By: Phillip Kulp, Ph.D
May 18, 2020
DevSecOps: What Are We Defending?
By: Phillip Kulp, Ph.D
May 18, 2020
Over the coming weeks, Cybrary will be posting a series of blogs that correspond with the newly released course, DevSecOps Fundamentals. This post is the second in a series that covers core principles to assist in the automation of a secure pipeline. The series of blog posts will follow the agenda:
- Securing the Development Cycle [read previous post]
- What Are We Defending? [current post]
- Pipeline: Planning and Awareness
- Pipeline: Development
- Pipeline: Delivery
- Pipeline: Deployment
- Pipeline: Operation & Monitor
- Summarize the learned concepts
Please follow the posts and provide feedback or questions to the author via LinkedIn.
In the first post, we provided a basic framework for the discussion and defined how we would be interpreting the idea of DevSecOps. The previous article described the problem cybersecurity professionals face when attempting to integrate into an existing DevOps culture and the technical challenges related to the number of programming languages and architecture, which need to be secured. In the current article, we describe additional concepts required to understand DevSecOps, such as:
- Static Analysis vs. Dynamic Analysis
- 3rd Party Library review
- Supply Chain security
- Security in the full web stack
- The Jenkins security toolchain we will implement
Static Analysis vs. Dynamic Analysis
More vulnerabilities can be identified with static analysis since there are no security controls in place to block review of the code. Humans can perform static analysis by reviewing the source code, but the process is labor-intensive and becomes nearly impossible as the lines of code increase. Several open-source tools are available such as SpotBugs for Java and Puma Scan for .Net. Static Analysis tools will be discussed in more detail in the Pipeline:Development blog.
Dynamic Analysis, sometimes referred to as blackbox testing, is performed on the running code. If the application is a webapp, the dynamic analysis tool scans for vulnerabilities such as Cross-Site Scripting (XSS), SQL injection, or other types of web-based attacks. The security team needs to leverage both analysis types since the application server, web server configurations, and 3rd party libraries are not available during the static analysis phase. Dynamic Analysis tools will be discussed in further detail in the Pipeline: Delivery blog.
3rd Party Library Review
Third-party libraries are code developed and published by other authors, which are embedded in the custom code created by your developers. The third-party libraries are referenced in the source code and merged into the running application at compilation or runtime, depending on the type of language. Developers include external libraries to reduce the time it takes to create applications or implement mature software, which has been tested by the open-source community. The security problems arise when the libraries are not reviewed for security vulnerabilities.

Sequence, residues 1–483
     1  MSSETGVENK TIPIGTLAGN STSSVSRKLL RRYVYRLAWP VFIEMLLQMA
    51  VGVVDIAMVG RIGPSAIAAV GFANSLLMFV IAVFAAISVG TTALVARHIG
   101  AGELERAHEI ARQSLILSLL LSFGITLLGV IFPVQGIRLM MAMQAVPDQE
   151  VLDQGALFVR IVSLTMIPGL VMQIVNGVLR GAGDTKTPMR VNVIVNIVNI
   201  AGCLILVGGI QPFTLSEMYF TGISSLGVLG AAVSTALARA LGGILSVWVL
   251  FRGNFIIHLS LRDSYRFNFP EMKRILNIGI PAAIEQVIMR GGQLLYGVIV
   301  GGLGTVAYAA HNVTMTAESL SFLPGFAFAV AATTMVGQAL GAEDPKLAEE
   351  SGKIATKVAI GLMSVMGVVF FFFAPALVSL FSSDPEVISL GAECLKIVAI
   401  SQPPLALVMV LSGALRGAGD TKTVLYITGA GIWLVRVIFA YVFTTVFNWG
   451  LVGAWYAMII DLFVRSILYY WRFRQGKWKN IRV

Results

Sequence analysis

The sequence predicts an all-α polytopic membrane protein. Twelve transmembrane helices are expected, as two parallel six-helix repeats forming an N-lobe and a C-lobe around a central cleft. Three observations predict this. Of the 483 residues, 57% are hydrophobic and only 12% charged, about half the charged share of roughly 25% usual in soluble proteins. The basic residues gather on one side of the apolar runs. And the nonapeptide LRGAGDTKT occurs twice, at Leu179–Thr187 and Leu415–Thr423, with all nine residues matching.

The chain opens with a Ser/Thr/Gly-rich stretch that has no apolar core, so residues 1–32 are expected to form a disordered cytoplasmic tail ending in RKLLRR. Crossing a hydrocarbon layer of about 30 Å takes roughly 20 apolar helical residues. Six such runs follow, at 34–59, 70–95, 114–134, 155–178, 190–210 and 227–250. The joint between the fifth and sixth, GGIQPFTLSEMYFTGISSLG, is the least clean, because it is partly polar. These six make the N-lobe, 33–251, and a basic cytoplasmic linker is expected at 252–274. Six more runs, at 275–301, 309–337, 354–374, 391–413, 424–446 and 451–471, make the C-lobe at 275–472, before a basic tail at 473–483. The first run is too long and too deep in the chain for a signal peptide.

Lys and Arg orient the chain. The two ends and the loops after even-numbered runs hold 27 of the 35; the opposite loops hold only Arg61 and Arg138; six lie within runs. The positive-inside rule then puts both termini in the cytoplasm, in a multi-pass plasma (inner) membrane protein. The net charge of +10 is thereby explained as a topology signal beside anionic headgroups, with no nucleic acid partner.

Security in the Stack
Security auditors must understand the composition of an application before the tools are selected, and a review can be performed. Not only must third-party libraries be reviewed, but each layer within the application can introduce an attack vector. An application can be composed of containers and other layers such as the database, web server, application server, Content Management System (CMS), cloud architecture, and the User Interface (UI).
Jenkins Security Toolchain
In the DevSecOps Fundamentals course, we developed an automated pipeline using Jenkins for the orchestration. The Pipeline portion of Jenkins is used with a custom script to execute the toolchain. The results of the security tools are parsed by the Jenkins plugin, Warnings Next Generation. The image below contains a sample pipeline script that builds the application and deploys it to a Tomcat server.
We use the Jenkins Pipeline functionality to create steps for each security check in the toolchain. The stages create pass/fail criteria to orchestrate the security checks, which can stop the deployment of the code at any point if the threshold for vulnerabilities is exceeded.
Cybrary offers courses that cut across the entire DevSecOps topic. You can take classes on secure programming, hacker fundamentals, system administration, cloud certifications, and much more. The knowledge will be fundamental to implementing a secure application across the lifecycle of DevSecOps. Signup for Cybrary to learn more about the topic and stay informed of the continuous release of cybersecurity training at Cybrary.
About the author
Dr. Philip Kulp is a Cybrary Fellow and instructor of several courses on the platform. In his current role as a cybersecurity architect and incident responder, he combines his passion for IT and cybersecurity to develop realistic approaches to secure the enterprise. He performs the roles of an independent assessor, incident responder, and secure code reviewer. Philip seeks opportunities to balance his cybersecurity skills between academic, technical, and compliance roles. He holds the CISSP certification and two Offensive Security certifications of OSCP and OSCE. In his educational capacity, Philip serves as a chair, committee member, and mentor for doctoral students in the Ph.D. and D.Sc. programs at Capitol Technology University. Visit his author page on Cybrary or contact via LinkedIn.